The United Nations Human Rights Commission has discussed the situation of persecuted Pakistani Christians during a recent event in Geneva titled "Christians in Pakistan under Threat."
On March 14, representatives from Pakistan's Christian community attended the "Christians in Pakistan under Threat" event which was held during the 34th UNHRC session. A retired Captain of the Pakistani Army, Rev. James Luke, spoke during the session and conveyed his deep concern over the persecution of believers in Pakistan, citing the numerous deaths of Christians at the hands of Sunni extremists in the last few years, according to a press release.
In addition, Rev. Luke lamented the absence of action on the part of the Pakistani government in light of the oppression of Christians. He also said the country's blasphemy law is being misused to target Christians in the country.
Javed Bakhsh, the former vice president of the Canadian Christian Association, also spoke during the event and called for more awareness of the plight of believers in Pakistan and for the western nations to pressure the government into putting an end to the genocide of Christians. He said believers in the country are facing discrimination in the workplace and in terms of economic benefits.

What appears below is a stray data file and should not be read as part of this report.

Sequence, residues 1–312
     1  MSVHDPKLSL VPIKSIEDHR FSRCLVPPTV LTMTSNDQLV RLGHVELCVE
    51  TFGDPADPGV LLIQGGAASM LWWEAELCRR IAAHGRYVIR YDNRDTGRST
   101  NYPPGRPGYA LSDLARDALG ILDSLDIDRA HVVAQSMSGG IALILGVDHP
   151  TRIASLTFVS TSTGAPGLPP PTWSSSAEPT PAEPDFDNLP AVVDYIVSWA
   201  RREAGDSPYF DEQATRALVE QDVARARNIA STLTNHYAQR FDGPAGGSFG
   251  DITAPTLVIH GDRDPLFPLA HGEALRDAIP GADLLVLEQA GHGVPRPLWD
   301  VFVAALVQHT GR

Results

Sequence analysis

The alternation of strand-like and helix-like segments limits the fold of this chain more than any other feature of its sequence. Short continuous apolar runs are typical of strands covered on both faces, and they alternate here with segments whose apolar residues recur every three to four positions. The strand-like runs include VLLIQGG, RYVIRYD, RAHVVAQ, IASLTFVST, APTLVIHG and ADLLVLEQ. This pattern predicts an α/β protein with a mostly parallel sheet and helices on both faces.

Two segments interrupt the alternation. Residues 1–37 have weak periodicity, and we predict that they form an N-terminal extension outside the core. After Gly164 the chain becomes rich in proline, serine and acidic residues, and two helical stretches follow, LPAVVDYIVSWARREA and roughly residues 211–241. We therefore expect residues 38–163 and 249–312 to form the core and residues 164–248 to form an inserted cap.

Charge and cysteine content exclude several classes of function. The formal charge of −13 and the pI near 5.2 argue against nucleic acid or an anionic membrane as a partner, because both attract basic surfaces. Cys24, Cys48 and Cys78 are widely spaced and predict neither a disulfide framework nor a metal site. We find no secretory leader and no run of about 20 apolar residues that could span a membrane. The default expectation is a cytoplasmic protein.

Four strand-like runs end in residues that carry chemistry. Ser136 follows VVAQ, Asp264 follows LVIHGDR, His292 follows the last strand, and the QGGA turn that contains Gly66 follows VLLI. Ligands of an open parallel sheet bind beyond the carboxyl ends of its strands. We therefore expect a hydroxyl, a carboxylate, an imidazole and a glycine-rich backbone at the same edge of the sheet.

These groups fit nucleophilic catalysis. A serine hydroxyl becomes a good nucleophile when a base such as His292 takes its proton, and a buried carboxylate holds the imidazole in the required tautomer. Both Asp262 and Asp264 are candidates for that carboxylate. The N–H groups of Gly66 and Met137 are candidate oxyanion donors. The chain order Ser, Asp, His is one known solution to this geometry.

Human Rights Focus Pakistan founder Naveed Walter, on the other hand, highlighted the situation of Christian mother Asia Bibi, who has been sentenced to death over blasphemy charges. For him, Christians do not enjoy the same political rights that Muslims in the country do, and said the international community also needs to pressure the government to grant equal rights to its minorities.
Meanwhile, the Pakistani government has extended help to poor Christians living as bonded laborers in the Punjab Province after being accused of not exerting enough effort to protect the religious minority. The High Commission of Pakistan in London has approved the construction of 10 brick washrooms that will be used by around 100 Christian families who do not have access to toilet and clean water, The Christian Post reports.
The construction of the washroom facilities was finished in February. Prior to that, the poor Christian families had to use the open fields as their toilets and drink water from unsanitary sources.